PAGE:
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I Am Almost a Camera

By (January 1, 2015) No Comment

Richard Estes’ Realism
Curated by Patterson Sims and Jessica May
At the Smithsonian American Art Museum 
through February 15th, 2015

Robert Estes came of age at a time when representational painting was not just unpopular; it was dead on its feet. Closet abstractionists like Edward Hopper were considered tolerable, TheBTrain2005Estesbut the Salon could give us nothing but plaster casts, the National Academy had no more clout than a flying saucer, and the venerable Art Students’ League could offer little more than a bleak recidivism. When Jackson Pollock—who had studied at the League—had had enough, so did the world-at-large.

The First World War turned everything upside down; after the Second, we turned upside down with it. After 1918, the old power structures could no longer be taken seriously. Kings and queens had been knocked about so much, they were little more than lonely figureheads we could finish off at our leisure. After 1945, America the Brave was absolutely triumphant. Whatever Americans happened to do—for good or ill—nobody wanted to miss out on it.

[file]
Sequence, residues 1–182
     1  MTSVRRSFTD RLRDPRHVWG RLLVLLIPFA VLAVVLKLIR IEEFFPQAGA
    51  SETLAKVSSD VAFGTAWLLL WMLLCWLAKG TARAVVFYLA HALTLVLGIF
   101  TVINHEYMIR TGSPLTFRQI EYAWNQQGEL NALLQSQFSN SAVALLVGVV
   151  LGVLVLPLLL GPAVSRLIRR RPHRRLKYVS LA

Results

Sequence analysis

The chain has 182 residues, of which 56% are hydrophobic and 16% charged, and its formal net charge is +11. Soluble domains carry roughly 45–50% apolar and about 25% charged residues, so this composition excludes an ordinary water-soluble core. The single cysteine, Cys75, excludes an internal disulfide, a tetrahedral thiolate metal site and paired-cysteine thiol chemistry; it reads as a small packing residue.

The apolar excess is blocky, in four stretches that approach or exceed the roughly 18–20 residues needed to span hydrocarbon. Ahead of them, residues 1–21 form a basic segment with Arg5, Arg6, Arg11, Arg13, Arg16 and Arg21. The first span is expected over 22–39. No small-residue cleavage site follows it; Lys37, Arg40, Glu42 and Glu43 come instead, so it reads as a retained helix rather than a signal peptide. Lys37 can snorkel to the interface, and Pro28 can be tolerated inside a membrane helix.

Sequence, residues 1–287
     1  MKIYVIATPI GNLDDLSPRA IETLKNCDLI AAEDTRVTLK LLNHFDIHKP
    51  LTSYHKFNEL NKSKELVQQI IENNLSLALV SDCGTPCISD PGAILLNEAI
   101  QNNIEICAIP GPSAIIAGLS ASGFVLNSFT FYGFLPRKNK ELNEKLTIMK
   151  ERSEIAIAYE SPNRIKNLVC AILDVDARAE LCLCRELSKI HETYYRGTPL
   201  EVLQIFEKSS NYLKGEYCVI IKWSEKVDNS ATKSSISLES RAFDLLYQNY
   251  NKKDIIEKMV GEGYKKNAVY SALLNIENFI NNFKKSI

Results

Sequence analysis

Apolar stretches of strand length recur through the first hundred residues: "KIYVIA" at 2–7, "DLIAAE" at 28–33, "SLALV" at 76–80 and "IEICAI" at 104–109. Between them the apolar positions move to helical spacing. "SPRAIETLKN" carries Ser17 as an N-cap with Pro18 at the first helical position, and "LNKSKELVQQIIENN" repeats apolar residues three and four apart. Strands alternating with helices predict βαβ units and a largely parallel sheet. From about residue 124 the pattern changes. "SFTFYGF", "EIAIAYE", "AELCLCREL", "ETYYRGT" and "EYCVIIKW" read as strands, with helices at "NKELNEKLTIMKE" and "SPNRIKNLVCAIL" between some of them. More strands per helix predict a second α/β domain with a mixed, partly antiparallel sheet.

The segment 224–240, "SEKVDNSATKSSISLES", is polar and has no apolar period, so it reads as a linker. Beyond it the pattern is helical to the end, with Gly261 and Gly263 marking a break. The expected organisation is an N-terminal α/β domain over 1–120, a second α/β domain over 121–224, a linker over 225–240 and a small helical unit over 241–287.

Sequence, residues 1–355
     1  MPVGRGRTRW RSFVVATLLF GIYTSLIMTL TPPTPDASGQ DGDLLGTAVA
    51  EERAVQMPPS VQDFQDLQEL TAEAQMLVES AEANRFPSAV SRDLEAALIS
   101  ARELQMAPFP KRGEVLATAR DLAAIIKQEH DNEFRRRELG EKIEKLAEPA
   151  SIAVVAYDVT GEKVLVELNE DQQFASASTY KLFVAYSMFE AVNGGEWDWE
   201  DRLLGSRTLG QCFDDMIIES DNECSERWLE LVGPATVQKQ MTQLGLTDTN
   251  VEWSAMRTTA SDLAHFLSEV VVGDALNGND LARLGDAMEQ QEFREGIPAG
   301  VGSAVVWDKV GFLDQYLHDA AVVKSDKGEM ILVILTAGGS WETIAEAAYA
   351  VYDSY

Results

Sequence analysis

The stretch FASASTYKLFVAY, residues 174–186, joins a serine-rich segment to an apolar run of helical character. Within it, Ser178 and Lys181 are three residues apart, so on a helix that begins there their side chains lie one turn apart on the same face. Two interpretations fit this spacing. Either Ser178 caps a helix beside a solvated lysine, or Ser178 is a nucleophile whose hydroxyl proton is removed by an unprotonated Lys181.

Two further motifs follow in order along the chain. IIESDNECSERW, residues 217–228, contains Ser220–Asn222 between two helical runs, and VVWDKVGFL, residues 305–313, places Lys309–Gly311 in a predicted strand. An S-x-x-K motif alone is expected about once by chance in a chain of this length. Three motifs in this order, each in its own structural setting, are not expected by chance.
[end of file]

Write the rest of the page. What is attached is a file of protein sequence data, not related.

It has always been the case that instead of looking at the world, painters and photographers look into it. But by the 1940s Abstract Expressionists like Jackson Pollock openly averred that they cared nothing for replication. Energy was subject enough for them – the raw energy that was released when peace settled upon the land and everybody wanted to take up where they’d left off. When the movement’s own energy began to ebb, PopArt emerged. Replication was “in” again,but protected itself from kitsch by means of a double-fingered irony. The fiercely funny young artists who made their names painting Brillo boxes wanted to reveal nothing about what was underneath and everything about the string-courses and surfaces that were, after all, the only guide to whom we had become and where we might be going.